Monday, March 30, 2009

Back to Basics

Chastened by the embarrassing massive layoffs, cutbacks and bankruptcy of the Tribune Co., Sam Zell is returning to his roots--real estate. So states the article in the Wall Street Journal, "Sam Zell Looks to Brazil to Change His Luck."

Zell is poised to become a big player in the affordable housing market in --Brazil. Yes, you read correctly. Brazil. Zell's private equity real estate firm owns a 19 percent stake in Gafisa SA, a Brazilian home builder. Brazil, whose President Inacio Lula da Silva recently blamed the worldwide financial meltdown on "white, blue-eyed people," is banking on white-skinned, white-haired gnome-like Zell to help build 1 million new homes for the country's low-income families.

Zell's Equity International Properties has $1.5 billion invested in warehouses in China and retirement villages in New Zealand. Who knew? However, the company is betting big on Brazil, where it has invested half of its capital. Equity International, which also owns apartments in the United States, has lost more than half its stock value in the past year, which is no surprise considering the real estate funk.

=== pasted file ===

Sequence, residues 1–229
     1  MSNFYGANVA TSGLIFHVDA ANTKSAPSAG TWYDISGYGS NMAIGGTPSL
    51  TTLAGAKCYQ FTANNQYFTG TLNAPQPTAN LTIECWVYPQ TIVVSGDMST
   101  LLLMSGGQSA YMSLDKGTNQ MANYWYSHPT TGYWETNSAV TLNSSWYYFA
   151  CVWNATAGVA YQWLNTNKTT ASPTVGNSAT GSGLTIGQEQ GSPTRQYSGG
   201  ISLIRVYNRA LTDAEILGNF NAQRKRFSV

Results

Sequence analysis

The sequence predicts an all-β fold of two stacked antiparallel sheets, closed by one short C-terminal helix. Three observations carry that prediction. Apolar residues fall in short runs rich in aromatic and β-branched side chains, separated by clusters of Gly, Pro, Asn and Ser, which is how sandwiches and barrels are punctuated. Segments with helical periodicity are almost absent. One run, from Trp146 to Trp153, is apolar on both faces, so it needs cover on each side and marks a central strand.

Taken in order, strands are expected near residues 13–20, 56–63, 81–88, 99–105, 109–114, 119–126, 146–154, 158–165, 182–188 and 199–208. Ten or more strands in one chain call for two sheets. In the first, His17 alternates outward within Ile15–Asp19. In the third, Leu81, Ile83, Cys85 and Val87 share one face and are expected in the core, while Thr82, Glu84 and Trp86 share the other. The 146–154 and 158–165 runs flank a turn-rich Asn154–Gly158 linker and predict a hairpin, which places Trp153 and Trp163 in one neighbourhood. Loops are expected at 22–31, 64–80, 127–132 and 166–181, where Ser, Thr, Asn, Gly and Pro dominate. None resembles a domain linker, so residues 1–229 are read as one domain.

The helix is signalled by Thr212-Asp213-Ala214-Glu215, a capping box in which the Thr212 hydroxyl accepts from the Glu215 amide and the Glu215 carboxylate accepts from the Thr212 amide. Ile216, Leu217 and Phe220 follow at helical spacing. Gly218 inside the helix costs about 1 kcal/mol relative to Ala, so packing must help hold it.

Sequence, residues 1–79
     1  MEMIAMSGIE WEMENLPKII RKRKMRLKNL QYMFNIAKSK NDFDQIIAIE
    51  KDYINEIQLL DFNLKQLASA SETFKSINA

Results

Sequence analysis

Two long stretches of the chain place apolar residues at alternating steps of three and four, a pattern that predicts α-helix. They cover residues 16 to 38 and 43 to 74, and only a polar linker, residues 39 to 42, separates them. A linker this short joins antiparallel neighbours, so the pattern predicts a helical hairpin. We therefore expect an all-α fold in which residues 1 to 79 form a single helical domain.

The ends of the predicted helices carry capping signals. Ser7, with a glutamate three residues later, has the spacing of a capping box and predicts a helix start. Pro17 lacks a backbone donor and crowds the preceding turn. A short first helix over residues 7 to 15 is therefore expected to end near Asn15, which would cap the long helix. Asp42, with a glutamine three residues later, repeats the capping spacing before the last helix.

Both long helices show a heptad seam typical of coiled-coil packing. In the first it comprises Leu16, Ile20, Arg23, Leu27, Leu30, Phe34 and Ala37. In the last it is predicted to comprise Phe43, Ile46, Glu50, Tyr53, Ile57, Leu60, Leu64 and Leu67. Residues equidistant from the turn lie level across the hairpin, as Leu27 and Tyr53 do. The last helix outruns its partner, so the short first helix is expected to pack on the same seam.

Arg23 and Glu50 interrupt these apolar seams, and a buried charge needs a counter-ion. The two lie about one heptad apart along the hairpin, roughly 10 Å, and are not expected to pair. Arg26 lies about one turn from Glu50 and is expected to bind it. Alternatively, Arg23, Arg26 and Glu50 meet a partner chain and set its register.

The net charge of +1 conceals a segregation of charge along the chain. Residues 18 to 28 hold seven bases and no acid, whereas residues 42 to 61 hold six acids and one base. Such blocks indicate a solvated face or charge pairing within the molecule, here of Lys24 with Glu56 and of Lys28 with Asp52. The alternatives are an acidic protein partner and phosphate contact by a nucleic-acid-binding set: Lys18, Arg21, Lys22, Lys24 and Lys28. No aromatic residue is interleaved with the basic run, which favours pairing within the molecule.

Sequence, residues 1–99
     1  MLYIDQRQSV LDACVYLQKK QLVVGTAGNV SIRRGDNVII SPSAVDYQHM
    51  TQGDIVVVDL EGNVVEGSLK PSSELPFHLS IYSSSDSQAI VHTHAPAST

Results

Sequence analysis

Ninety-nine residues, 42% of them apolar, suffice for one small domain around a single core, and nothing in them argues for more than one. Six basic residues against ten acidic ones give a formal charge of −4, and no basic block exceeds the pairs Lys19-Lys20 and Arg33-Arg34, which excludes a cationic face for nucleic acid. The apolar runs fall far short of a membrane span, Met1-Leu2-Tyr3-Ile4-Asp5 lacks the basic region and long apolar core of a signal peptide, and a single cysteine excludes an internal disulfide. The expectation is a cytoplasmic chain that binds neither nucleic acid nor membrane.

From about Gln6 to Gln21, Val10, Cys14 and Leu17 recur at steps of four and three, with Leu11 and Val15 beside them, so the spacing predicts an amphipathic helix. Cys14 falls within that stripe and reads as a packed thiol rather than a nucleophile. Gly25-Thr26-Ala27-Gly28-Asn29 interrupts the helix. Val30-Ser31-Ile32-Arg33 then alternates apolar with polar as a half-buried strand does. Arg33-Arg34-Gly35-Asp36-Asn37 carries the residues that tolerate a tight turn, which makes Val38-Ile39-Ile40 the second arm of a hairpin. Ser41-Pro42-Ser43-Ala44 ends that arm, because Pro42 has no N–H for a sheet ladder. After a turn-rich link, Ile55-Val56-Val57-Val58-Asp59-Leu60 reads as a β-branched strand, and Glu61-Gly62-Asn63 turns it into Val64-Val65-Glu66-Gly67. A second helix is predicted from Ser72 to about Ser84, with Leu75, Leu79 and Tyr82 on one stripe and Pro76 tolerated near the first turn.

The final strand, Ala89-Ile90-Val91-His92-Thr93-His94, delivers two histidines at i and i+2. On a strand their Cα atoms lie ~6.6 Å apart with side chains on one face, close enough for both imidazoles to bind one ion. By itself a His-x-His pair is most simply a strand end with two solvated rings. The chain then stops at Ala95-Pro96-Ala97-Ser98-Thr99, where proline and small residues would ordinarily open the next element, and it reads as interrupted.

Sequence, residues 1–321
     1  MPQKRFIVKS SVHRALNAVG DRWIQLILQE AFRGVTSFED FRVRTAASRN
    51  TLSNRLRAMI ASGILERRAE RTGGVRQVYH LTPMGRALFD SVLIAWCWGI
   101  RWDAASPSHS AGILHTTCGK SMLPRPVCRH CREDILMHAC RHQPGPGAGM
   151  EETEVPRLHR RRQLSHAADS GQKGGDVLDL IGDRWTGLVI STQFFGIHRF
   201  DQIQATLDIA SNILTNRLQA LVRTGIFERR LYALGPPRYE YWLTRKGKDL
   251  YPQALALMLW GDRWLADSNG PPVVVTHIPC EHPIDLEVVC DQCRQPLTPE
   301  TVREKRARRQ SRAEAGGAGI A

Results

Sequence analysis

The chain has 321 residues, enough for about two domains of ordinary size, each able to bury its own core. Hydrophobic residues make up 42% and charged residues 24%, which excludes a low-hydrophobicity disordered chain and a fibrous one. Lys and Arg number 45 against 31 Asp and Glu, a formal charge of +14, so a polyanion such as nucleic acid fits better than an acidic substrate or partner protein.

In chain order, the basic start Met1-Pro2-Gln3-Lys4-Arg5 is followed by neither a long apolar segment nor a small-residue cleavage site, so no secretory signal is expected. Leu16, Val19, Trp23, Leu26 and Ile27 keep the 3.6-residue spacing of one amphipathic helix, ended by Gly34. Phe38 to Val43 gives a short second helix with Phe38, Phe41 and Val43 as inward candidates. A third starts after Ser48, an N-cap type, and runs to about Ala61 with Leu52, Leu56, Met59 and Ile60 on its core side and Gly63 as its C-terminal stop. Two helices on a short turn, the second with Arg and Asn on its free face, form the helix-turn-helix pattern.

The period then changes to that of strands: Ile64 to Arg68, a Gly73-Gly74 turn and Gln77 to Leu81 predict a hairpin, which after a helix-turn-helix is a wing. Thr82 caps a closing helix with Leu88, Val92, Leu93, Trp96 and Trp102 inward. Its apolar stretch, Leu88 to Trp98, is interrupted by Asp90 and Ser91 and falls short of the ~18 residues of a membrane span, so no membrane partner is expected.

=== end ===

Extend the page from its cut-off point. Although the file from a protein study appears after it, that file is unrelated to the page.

Zell, himself, has lost half of his net worth in the past year. He's down to a mere $3 billion. Everything that Zell touches no longer turns to gold, so we'll have to watch Zell's samba in Brazil to see whether he's lost his touch entirely.

But it sure must make the folks at Tribune feel real secure knowing that the guy who bought the company on a whim, investing just $300 million or so in the $8 billion buyout, has lost interest in his newspaper venture.

Tuesday, March 17, 2009

Day of Reckoning

Heard there were some more staff cuts at the Orlando Sentinel, but don't know the particulars. It wouldn't surprise me, given that so much has been happening of late in the newspaper industry.

The Miami Herald is about to slash about 19 percent of its staff, and those remaining will take a pay cut and a one-week furlough. Those making less than $50,000 will take a 5 percent cut, while those earning more will see their pay go down 10 percent. I guess it beats not having a job. Meanwhile, no candidate has stepped forward to buy the paper.

The Seattle Post-Intelligencer published its last print edition Tuesday and converted to an online edition only. In the process about 90 percent of the staff was let go. That ought to make eyes pop. If online is about 10 percent of newspaper revenue, then I guess you need only 10 percent of the staff?

I can hear it now: You have to align the staff to the numbers, Maria.


Anybody have more info about how the Sentinel is aligning staff to revenue, please let the rest of us know.